A handful of Republican lawmakers are looking to add requirements for initiative petitions and referendums to reach the ballot and become law.

Combing through bills after the Jan. 19 filing deadline, I identified five joint resolutions that look to raise the threshold needed for state questions to pass or implement new signature collection requirements, such as requiring a percentage of signatures in every congressional district or county.

Over the last seven years, voters have approved ballot initiatives implementing criminal justice reform, expanding Medicaid and legalizing medical marijuana. After voters approved the Medicaid expansion question by a thin margin in June 2020, some lawmakers began voicing concerns that the process favors urban voters and is tainted by out-of-state influence.

Oklahoma’s initiative petition process is protected in the state Constitution, and any legislative attempt to modify the Constitution has to go through the people. So voters will get the final say on any one of these measures via a state question if they clear the Legislature.

Last year, similar proposals looking to clamp down on state questions cleared the House on party-line votes but fizzled out in the Senate. As the resolutions were being considered, experts warned that additional requirements could make it next to impossible for all but the most well-funded groups to get a question on the ballot.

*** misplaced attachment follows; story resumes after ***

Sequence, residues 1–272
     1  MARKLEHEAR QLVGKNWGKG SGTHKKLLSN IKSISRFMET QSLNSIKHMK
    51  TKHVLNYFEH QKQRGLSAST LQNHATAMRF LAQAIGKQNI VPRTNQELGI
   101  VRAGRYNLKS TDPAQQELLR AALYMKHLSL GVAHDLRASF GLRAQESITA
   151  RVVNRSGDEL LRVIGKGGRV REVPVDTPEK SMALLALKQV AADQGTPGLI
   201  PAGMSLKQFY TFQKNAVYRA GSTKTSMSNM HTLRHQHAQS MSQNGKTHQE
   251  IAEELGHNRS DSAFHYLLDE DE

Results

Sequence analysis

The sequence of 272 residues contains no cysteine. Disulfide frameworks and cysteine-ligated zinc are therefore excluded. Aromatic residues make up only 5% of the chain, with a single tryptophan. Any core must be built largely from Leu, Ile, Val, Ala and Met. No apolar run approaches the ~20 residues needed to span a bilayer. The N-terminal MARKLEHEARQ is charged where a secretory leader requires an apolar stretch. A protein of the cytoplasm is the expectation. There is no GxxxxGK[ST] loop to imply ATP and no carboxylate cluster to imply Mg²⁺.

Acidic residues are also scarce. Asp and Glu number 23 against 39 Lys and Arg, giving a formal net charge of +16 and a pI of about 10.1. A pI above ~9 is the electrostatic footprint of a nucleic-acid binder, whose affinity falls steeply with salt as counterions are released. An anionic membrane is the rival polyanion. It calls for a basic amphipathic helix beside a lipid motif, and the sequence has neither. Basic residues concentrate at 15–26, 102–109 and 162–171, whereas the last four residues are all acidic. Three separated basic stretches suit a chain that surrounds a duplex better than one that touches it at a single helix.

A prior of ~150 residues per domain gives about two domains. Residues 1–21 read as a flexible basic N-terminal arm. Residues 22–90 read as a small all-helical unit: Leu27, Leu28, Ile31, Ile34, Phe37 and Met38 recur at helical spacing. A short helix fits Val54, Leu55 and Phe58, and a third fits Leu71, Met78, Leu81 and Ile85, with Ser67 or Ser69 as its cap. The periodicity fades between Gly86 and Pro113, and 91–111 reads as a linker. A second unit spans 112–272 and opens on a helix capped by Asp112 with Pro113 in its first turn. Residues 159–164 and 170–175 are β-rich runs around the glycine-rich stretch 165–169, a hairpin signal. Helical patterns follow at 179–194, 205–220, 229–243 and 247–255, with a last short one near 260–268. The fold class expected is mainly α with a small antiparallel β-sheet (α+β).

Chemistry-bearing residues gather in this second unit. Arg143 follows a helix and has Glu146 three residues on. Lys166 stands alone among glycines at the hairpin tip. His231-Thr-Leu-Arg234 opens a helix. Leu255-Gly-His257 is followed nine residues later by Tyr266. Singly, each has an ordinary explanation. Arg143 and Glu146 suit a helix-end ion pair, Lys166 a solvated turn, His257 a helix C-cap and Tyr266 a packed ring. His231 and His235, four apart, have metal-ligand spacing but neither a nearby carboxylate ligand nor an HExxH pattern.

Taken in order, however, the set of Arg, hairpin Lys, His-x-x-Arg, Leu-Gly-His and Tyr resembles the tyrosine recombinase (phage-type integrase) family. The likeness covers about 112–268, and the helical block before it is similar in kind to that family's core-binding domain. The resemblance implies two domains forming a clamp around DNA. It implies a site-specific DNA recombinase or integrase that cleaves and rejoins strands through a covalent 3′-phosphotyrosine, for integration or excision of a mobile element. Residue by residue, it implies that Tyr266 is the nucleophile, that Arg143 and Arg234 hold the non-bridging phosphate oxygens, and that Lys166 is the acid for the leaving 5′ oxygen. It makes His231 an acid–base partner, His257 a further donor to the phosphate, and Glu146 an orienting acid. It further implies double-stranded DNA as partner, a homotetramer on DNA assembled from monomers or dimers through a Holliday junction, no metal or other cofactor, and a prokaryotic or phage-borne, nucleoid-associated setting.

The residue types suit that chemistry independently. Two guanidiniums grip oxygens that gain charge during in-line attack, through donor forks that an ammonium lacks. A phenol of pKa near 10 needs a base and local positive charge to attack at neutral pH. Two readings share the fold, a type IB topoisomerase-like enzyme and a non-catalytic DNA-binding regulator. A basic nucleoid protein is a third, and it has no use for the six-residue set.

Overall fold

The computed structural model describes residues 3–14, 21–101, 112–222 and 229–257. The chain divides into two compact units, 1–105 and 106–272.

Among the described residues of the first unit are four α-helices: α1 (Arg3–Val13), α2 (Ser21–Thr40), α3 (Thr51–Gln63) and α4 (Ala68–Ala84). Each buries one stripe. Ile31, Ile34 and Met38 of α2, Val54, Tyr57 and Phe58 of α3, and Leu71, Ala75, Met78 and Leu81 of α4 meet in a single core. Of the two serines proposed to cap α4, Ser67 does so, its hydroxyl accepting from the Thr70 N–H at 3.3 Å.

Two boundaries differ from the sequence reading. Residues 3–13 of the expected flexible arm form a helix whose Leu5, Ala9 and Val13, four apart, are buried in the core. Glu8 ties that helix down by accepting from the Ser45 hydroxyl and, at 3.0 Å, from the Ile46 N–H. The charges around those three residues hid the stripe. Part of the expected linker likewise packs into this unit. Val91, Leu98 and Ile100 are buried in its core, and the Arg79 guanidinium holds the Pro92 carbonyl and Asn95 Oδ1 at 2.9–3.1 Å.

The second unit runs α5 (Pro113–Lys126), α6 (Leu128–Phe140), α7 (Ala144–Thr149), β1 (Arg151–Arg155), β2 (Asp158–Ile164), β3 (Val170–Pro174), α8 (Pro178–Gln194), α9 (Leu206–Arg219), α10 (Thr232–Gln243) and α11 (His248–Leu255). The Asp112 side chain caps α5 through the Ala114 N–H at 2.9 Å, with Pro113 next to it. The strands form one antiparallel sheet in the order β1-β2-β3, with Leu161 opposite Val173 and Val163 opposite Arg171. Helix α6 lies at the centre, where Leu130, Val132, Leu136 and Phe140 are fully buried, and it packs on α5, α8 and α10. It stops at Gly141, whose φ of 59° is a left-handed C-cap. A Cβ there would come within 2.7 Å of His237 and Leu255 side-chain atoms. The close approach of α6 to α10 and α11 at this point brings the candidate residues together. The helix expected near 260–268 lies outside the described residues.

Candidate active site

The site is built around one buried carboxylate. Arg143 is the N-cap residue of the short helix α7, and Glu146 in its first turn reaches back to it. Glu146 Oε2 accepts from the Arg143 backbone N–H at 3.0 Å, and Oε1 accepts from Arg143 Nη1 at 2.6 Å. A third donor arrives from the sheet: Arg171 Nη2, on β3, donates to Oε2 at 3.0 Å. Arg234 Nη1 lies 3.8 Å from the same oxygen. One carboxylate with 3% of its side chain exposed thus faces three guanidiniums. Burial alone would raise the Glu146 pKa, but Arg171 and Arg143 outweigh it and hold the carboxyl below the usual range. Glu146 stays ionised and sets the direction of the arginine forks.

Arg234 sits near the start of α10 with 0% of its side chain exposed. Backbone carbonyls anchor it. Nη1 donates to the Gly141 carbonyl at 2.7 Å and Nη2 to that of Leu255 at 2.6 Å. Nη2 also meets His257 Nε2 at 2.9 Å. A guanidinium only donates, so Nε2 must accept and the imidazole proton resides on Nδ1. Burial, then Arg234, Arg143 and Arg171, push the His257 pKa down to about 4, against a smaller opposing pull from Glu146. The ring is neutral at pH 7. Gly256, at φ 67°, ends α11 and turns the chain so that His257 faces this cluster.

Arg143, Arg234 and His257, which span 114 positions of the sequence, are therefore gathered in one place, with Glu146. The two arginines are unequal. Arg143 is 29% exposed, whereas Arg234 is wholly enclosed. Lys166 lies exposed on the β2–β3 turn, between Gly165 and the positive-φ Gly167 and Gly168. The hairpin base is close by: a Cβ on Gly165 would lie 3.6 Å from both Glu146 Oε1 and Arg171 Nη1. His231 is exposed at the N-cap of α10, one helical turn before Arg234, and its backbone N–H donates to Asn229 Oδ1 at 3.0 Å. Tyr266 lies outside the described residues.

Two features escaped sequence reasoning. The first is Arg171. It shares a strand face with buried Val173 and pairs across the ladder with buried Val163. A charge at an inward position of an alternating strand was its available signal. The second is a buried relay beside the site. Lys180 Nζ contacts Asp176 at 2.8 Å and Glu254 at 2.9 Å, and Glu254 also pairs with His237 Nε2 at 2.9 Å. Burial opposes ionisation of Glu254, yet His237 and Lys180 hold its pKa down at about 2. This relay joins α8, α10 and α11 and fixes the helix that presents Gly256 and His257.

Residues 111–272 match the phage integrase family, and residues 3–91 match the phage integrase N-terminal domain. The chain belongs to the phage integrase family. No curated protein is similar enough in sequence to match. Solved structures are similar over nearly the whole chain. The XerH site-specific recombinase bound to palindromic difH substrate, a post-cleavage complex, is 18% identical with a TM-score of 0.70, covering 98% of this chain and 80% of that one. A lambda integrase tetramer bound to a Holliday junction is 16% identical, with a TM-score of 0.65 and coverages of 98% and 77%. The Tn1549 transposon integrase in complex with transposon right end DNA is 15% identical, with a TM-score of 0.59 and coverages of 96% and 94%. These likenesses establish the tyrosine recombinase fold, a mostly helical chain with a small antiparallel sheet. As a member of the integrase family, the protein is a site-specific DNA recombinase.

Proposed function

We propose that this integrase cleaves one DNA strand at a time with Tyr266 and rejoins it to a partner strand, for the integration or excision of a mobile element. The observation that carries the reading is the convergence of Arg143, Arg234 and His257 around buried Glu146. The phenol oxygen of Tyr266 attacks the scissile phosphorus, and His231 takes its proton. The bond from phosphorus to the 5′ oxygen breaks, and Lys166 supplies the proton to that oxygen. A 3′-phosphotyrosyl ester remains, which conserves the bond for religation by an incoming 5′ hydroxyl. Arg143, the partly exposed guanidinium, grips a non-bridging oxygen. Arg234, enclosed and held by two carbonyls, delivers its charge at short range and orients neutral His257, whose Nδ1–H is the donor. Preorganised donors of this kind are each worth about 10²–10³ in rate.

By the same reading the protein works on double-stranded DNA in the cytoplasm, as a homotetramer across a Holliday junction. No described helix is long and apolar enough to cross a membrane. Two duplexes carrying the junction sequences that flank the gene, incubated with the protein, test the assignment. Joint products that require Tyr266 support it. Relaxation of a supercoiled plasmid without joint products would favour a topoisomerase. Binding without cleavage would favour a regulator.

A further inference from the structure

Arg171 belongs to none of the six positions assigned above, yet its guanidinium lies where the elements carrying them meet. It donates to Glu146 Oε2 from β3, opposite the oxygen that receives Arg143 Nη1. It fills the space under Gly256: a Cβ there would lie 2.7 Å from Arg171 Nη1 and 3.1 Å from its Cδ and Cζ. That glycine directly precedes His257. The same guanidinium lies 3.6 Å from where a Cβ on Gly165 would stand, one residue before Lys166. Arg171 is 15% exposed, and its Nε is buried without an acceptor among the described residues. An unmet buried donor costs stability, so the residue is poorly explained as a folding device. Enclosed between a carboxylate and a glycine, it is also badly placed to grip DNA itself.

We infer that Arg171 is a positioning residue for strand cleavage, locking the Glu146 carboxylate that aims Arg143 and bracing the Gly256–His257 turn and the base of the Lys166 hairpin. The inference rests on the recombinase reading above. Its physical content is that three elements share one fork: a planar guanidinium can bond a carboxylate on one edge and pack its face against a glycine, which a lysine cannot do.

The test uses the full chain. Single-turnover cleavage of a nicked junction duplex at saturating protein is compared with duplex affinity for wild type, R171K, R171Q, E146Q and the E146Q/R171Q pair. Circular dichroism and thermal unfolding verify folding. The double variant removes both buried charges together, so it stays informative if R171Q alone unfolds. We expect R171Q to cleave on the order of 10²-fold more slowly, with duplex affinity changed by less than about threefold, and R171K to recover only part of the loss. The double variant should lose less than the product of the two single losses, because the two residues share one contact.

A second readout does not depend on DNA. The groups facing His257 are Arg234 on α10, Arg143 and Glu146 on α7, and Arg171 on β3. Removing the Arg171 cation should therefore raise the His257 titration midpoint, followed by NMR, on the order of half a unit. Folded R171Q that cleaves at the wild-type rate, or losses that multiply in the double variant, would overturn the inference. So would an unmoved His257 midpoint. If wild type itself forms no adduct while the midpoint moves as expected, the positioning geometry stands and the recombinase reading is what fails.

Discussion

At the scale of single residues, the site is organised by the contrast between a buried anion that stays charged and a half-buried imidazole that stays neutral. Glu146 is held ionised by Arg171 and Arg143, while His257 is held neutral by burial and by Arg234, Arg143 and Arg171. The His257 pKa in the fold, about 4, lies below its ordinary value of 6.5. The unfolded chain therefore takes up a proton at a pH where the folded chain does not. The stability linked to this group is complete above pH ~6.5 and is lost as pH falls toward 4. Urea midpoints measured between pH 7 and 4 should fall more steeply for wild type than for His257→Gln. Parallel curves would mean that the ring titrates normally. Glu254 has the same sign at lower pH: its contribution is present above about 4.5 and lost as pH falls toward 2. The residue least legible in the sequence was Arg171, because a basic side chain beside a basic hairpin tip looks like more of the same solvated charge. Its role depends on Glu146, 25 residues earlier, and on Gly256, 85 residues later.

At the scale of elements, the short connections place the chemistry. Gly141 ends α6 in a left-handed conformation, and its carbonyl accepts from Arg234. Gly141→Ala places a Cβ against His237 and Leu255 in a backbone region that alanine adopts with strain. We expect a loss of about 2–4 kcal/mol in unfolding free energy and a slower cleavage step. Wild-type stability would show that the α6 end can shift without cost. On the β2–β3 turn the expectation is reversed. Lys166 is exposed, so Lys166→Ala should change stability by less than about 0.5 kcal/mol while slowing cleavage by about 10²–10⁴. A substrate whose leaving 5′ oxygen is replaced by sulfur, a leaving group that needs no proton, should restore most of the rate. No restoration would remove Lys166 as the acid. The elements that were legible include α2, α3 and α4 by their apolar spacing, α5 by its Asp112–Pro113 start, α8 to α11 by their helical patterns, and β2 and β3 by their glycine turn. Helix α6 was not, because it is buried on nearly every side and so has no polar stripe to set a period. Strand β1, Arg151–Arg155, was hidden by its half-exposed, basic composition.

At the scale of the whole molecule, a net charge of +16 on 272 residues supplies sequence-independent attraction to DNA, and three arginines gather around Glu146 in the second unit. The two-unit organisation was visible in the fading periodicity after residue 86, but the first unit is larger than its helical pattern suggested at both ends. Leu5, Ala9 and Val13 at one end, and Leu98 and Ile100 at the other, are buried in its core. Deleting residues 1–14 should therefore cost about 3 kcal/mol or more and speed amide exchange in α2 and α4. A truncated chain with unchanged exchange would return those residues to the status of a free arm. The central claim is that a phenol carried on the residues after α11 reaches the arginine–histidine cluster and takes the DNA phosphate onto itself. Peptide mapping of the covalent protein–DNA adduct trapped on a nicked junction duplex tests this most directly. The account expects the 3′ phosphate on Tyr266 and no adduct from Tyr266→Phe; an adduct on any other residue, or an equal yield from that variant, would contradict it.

Want to dive deeper into this issue? In my next story, I examine how lawmakers are aiming to change election, voting and initiative petition laws. Look for that to publish Tuesday morning.

I’d like to hear your thoughts on this issue. Do you think the current initiative petition process needs reform to better include rural Oklahoma? Or are some legislators trying to circumvent the will of the people by proposing restrictions? Let me know at Kross@Oklahomawatch.org.

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What I’m Reading This Week

  • Senate Leader Wants a More ‘Methodical’ Approach to Sports Betting: House Bill 1027 by Ken Luttrell, R-Ponca City, which proposes legalizing sports betting, will need to clear both the House and Senate to reach the Governor’s desk. While Gov. Kevin Stitt has voiced support for legalized sports betting, Senate Pro Tem Greg Treat said he is not interested in moving sports betting “by itself.” [The Frontier]
  • Proposal Could Change How State Superintendent is Selected: House Joint Resolution 1030 by Chad Caldwell, R-Enid, proposes allowing the governor to appoint the state superintendent beginning in 2030. It would require voter approval via a state question if it clears the Legislature. [CNHI]
  • Oklahoma AG Appoints Independent Counsel in Glossip Case: Former District Attorney Rex Duncan will review all aspects of Richard Glossip’s case, including the initial investigation by Oklahoma City police, two separate trials, sentencing and appeals. Glossip is scheduled for execution on May 18. [The Associated Press]

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